Virgin Australia recorded a pre-tax loss of A$49.7 million ($44.6 million) for the first half of its 2014 financial year, as fierce competition took a toll on the carrier.
The airline’s revenue over the six months ended 31 December 2013 rose 5.6% to A$2.22 billion, while net costs rose by 10.9% to $2.28 billion. The airline noted that its unit costs grew by 4.5%, which it blamed on higher fuel costs and lower capacity growth.
Virgin also bore A$49.9 million in "business transformation" costs and an A$18.4 million charge for its share of Tigerair Australia’s losses, resulting in it recording an A$83.7 million statutory net loss.
“This result reflects the tough trading conditions across the entire aviation industry for the first half of Financial Year 2014,” said Virgin chief executive John Borghetti.
By segment, Virgin’s core domestic business recorded earnings before interest and tax (EBIT) of A$25.7 million, compared to A$57.4 million in the previous corresponding period. Borghetti says that the segment was particularly impacted by the significant capacity growth in the market and weakening economic conditions.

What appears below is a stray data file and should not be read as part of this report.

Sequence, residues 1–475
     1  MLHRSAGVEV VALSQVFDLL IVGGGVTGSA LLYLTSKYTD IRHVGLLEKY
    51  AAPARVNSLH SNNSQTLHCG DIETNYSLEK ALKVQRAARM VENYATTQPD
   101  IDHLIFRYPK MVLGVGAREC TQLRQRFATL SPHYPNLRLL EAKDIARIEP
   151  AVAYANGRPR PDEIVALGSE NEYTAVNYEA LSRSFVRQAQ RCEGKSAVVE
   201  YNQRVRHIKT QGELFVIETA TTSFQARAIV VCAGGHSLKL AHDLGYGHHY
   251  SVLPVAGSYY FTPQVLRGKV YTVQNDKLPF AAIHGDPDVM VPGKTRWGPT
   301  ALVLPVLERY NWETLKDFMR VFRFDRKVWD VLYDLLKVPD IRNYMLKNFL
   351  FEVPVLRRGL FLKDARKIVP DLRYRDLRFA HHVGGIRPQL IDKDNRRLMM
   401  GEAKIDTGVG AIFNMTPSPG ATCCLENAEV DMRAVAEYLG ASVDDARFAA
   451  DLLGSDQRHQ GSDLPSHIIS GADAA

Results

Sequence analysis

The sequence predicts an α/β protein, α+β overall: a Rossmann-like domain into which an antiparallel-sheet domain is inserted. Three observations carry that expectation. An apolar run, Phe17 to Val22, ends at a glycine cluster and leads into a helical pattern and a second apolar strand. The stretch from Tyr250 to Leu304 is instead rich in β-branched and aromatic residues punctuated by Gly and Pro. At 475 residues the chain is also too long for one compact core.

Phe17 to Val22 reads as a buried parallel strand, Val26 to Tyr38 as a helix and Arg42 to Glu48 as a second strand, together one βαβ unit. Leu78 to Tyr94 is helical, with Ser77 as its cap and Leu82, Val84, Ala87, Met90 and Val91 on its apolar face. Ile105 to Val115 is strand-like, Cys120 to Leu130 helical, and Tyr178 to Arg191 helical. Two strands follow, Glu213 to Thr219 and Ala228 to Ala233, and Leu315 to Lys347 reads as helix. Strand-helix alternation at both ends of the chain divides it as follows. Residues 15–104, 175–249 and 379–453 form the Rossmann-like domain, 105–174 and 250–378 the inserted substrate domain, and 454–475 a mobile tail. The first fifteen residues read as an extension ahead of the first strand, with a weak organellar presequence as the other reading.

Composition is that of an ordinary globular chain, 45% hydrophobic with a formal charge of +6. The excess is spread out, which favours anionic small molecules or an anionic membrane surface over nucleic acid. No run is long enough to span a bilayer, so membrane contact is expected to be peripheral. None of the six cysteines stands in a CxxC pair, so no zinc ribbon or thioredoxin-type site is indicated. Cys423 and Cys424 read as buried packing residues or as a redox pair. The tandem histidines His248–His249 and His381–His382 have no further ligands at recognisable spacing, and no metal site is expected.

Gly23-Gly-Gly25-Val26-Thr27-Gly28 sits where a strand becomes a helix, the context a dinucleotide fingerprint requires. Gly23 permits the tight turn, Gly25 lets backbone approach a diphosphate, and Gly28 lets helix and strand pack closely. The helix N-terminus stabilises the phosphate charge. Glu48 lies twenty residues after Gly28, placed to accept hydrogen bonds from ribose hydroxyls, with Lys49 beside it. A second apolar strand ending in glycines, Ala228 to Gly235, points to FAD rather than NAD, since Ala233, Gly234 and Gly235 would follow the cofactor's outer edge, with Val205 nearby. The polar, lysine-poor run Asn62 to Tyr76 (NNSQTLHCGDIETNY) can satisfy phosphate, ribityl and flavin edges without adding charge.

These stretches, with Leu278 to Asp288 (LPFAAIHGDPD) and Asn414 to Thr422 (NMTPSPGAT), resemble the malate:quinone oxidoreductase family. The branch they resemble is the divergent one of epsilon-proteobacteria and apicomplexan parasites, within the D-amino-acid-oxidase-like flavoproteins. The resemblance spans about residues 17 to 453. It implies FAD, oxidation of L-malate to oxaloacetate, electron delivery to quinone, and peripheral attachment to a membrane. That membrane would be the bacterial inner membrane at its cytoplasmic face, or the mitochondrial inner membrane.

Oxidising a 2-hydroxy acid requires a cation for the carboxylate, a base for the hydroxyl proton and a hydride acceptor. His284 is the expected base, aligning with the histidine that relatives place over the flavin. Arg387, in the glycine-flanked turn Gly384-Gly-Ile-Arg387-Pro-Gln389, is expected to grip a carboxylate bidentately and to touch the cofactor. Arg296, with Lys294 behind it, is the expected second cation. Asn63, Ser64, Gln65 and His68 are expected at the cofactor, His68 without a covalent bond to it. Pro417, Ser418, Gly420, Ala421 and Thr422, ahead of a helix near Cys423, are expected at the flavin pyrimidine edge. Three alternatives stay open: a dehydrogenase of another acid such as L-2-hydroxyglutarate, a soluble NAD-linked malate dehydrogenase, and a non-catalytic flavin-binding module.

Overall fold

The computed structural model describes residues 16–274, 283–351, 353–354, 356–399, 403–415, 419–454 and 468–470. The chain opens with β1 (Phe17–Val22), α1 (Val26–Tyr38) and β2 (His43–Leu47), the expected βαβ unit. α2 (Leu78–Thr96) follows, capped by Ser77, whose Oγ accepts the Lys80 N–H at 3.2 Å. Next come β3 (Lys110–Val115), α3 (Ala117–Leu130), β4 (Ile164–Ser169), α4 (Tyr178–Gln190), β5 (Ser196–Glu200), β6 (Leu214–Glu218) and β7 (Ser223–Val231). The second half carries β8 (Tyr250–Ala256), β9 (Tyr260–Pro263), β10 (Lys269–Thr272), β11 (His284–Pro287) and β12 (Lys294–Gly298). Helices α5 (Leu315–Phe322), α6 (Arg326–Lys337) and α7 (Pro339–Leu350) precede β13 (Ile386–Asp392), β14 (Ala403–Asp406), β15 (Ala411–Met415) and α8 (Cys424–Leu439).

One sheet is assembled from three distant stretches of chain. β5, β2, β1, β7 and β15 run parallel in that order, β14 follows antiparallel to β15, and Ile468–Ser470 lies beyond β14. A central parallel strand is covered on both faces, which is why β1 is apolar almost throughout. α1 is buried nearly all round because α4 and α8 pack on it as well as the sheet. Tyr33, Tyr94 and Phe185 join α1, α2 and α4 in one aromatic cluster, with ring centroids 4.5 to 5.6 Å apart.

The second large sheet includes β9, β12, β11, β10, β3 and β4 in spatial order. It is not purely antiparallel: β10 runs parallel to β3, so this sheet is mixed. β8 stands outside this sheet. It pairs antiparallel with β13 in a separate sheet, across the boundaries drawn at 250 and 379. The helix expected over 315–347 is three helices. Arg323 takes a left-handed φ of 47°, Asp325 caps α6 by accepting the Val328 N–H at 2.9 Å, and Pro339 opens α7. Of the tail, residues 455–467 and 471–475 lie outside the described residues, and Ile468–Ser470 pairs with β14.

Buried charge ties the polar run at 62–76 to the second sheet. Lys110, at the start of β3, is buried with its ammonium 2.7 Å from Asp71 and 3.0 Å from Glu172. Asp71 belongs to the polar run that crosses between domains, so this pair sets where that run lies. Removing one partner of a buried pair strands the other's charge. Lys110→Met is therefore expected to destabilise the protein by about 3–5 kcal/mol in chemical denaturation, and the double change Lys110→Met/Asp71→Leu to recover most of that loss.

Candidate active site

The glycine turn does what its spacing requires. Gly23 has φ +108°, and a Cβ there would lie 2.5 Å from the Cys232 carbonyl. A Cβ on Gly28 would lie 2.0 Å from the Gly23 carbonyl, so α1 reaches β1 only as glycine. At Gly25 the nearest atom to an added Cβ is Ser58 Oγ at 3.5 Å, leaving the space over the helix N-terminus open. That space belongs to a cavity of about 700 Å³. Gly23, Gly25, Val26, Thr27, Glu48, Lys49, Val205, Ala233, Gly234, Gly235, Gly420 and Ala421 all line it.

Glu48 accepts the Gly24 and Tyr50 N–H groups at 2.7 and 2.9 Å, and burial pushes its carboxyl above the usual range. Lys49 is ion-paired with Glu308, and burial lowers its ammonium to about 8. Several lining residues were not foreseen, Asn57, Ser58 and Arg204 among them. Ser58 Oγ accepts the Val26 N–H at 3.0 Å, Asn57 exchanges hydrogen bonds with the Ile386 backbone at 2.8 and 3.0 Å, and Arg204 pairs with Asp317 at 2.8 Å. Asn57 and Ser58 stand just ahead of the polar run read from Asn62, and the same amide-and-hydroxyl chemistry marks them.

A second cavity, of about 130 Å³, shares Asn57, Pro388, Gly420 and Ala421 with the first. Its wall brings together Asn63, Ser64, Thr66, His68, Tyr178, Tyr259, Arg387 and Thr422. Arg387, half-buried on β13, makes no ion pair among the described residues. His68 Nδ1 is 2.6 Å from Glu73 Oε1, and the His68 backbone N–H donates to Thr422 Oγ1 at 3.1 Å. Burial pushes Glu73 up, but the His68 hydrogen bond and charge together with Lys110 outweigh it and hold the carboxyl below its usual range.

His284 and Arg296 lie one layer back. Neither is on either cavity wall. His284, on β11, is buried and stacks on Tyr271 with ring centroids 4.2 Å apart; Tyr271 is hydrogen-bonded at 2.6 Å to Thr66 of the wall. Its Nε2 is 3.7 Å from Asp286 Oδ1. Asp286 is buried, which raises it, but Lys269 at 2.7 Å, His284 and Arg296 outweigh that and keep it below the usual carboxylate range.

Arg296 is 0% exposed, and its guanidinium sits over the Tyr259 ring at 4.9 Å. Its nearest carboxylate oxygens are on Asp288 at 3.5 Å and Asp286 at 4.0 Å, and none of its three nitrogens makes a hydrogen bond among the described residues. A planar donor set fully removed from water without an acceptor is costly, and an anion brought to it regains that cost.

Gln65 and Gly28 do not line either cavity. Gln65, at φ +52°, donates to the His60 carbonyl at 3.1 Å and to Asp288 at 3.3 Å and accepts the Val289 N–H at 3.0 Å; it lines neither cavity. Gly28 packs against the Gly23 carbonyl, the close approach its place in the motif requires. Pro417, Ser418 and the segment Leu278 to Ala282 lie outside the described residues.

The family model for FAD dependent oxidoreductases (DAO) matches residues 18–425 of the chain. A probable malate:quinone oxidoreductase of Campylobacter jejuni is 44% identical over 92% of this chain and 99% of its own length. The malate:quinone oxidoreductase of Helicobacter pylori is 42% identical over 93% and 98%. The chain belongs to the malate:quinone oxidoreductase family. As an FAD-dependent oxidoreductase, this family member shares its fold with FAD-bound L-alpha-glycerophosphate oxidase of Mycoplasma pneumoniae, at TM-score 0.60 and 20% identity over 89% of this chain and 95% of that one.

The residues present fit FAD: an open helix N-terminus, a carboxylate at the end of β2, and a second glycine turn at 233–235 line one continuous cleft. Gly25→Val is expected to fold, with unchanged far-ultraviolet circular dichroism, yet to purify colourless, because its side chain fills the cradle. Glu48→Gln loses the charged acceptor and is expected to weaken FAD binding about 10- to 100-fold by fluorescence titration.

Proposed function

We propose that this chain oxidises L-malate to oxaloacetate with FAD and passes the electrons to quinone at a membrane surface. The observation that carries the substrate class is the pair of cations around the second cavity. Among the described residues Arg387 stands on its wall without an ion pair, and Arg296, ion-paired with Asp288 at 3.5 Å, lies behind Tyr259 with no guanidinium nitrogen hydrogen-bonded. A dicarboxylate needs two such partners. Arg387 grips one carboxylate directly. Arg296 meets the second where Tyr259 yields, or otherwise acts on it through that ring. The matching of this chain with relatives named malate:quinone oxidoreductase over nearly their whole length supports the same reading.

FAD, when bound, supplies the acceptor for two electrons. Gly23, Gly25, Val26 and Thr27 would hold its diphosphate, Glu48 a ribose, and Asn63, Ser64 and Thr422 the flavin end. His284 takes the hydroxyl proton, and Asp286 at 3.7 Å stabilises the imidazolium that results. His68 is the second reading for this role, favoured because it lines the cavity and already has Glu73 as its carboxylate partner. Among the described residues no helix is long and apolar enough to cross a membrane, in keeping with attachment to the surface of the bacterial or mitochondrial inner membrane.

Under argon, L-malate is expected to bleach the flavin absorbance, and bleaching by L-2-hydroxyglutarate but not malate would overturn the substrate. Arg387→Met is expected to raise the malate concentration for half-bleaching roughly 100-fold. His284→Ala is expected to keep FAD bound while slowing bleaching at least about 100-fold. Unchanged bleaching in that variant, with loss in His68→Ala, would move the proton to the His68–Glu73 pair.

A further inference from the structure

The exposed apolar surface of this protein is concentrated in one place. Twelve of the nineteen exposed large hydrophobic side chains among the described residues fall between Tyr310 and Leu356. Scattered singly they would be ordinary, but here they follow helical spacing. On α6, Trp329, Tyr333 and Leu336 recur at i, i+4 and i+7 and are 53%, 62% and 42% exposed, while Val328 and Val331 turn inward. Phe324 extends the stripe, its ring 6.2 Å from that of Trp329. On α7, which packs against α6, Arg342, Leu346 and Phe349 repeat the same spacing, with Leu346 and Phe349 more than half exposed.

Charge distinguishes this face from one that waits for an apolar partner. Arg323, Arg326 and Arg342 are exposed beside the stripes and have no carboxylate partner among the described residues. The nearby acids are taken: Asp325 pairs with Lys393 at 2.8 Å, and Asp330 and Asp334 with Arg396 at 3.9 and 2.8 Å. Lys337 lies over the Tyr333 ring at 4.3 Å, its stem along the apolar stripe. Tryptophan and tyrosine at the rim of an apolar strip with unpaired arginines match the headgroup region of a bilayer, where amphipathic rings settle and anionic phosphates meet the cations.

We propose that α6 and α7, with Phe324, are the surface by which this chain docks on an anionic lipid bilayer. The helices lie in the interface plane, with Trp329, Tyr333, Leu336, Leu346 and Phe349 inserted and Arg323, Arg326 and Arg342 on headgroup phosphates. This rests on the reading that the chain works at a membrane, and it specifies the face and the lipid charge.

On its international operations, the carrier recorded an EBIT loss of A$29.5 million. Chief financial officer Sankar Nayran said during a conference call that although its trans-Tasman joint venture with Air New Zealand performed strongly, short-haul leisure and long-haul routes were adversely impacted by competition and fuel costs.
The airline ended the half-year period with a cash balance of A$896 million, of which A$665 million was unrestricted.
Borghetti says that over the next 18 months, the airline will focus on optimising its business performance and increasing yield.
The airline did not give any profit guidance for the second half, and also declined to give any indication on its fleet and capacity plans.
At the end of the period, the Virgin group had a total of 149 aircraft, including 117 in its mainline fleet, 20 in its charter and other regional operations and 12 in Tigerair Australia.